Give Yourself 5 Stars? Online, It Might Cost You

Description:  New York regulators will announce on Monday the most comprehensive crackdown to date on deceptive reviews on the Internet.


Date: Sept. 22, 2013

The yearlong investigation encompassed companies that create fake reviews as well as the clients that buy them. Among those signing the agreements are a charter bus operator, a teeth-whitening service, a laser hair-removal chain and an adult entertainment club. Also signing are several reputation-enhancement firms that place fraudulent reviews on sites like Google, Yelp, Citysearch and Yahoo.

A phony review of a restaurant may lead to a bad meal, which is disappointing. But the investigation uncovered a wide range of services buying fake reviews that could do more permanent damage: dentists, lawyers, even an ultrasound clinic.  READ REST OF STORY 

Questions for discussion:

1. What do you feel is the best way to discern authentic reviews on the web ? Why?

2.  Do you feel that this problem could be the end of a service like Yelp Why or  Why Not?


55 thoughts on “Give Yourself 5 Stars? Online, It Might Cost You

  1. Shannon Storey

    I think that it is hard to determine whether a review on the web is authentic or not.
    This is a tough one for me because how many companies actually do this? I guess I am naïve as I would never have thought to employ this kind of tactic in order to profit and promote my business. To me word of mouth between friends is more authentic and better serves both parties.
    I tend to not trust sites like “rate your dr”, “Rate your prof” as in general I think people are much bolder behind their computer screen that they ever would be in person, and also they don’t always have to give their name. This would also be true in the event of being “rewarded” for a review. I can’t say that I would be able to resist a slight embellishment in order to get something in return. We are a “get something for nothing” type generation which is what these companies are hoping for. They are hoping to get more customers for the least amount of effort.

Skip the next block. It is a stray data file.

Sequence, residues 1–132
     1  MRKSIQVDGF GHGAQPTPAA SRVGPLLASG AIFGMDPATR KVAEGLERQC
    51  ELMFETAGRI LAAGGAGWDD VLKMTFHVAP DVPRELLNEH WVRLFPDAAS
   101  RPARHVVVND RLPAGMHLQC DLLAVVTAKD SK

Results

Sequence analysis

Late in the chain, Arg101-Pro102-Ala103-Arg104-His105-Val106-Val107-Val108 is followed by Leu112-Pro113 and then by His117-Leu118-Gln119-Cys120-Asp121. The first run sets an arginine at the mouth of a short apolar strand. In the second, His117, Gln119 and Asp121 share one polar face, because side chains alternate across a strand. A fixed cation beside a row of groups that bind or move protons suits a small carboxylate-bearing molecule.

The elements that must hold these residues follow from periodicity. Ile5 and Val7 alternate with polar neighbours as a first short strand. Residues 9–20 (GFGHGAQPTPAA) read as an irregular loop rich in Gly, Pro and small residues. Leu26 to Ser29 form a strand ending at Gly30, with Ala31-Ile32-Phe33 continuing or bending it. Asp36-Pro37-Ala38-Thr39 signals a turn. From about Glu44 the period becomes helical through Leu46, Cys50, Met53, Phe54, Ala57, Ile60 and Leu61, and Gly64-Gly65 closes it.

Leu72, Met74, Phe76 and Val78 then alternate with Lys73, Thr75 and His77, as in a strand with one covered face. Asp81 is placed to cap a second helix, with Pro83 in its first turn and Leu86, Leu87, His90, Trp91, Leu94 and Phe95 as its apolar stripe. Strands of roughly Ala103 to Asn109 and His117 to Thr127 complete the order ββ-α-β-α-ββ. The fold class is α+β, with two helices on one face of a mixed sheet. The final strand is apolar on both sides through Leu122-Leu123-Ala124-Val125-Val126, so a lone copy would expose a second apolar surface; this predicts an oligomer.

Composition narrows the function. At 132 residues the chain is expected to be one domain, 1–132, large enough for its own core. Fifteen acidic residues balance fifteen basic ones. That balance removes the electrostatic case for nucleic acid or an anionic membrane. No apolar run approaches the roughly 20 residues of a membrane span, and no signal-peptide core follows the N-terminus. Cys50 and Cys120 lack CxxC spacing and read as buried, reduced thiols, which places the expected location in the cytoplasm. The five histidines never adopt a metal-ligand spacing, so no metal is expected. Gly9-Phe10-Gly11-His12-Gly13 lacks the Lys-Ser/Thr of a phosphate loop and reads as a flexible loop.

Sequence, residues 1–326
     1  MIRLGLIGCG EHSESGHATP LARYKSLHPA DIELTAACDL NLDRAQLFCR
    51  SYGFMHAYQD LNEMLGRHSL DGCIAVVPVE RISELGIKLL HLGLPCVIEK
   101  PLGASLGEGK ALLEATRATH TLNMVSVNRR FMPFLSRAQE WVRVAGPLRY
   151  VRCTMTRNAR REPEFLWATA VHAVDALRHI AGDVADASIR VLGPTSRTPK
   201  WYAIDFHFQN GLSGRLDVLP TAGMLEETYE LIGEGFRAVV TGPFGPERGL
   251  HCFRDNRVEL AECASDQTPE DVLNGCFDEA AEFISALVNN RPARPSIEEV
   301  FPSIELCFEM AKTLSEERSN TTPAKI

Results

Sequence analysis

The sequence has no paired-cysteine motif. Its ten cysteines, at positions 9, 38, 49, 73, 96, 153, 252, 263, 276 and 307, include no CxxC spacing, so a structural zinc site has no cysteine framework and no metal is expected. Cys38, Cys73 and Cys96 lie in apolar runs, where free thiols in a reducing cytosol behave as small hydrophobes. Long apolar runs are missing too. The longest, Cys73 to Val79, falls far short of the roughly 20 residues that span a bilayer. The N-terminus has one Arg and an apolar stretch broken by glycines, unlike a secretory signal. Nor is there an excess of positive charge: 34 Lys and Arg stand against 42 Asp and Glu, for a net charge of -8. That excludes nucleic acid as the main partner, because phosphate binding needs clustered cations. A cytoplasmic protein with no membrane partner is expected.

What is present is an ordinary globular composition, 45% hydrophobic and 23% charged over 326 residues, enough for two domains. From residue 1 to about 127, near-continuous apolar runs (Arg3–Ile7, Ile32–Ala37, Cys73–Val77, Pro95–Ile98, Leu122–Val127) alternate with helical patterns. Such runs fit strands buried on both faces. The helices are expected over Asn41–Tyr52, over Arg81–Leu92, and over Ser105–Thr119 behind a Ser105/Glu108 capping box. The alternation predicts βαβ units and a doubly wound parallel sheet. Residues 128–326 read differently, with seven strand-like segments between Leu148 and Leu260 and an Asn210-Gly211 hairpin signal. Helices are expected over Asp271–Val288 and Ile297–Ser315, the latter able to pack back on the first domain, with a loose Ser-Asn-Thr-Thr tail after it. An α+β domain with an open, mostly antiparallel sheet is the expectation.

This is completely unethical to me (even though I said I may have trouble fighting the temptation given the chance) for a company to pay someone to find reviews for them. I am glad that someone is finally cracking down on them and putting some rules and regulations around it. I am also in support of the penalties that they have to pay as a result of their choice. If it was me, they would have to print a statement on their website stating that they have partaken of this shady activity. But that is just me!

  2. Bryan Litchfield

    I think that this is a method that is ultimately doomed to fail. If a company really offered a good product then the users would give it a good review, at the same time if it offered a bad product bad reviews. when you see a small amount of good reviews and a large amount of bad reviews without many in the middle its easy to tell that it could be a company doing those reviews. Also if there product really is bad then despite of all the good reviews more bad reviews will show up making those good reviews less trustworthy. i dont feel this could end a service like yelp because there are enough other people reviewing and people are more swayed by negative comments then they are by good comments so all those good comments companies leave about themselves wont matter as much anyways.

  3. Brett Hempel

    This is a moral and ethical question, as a business person i would completely use this to my advantage, but as the saying goes give an inch they take a mile. I dont think these companies will go anywhere because the length that we would have to go to stop this is far to great. We can tell people to stop making fraudulent claims but were always going to break the rules. I would still use these websites because there is going to be more legitament claims then there would be fake. But this will change as time goes on and more and more people pick up on this matter. Strategically it is very smart to me, but very immoral.


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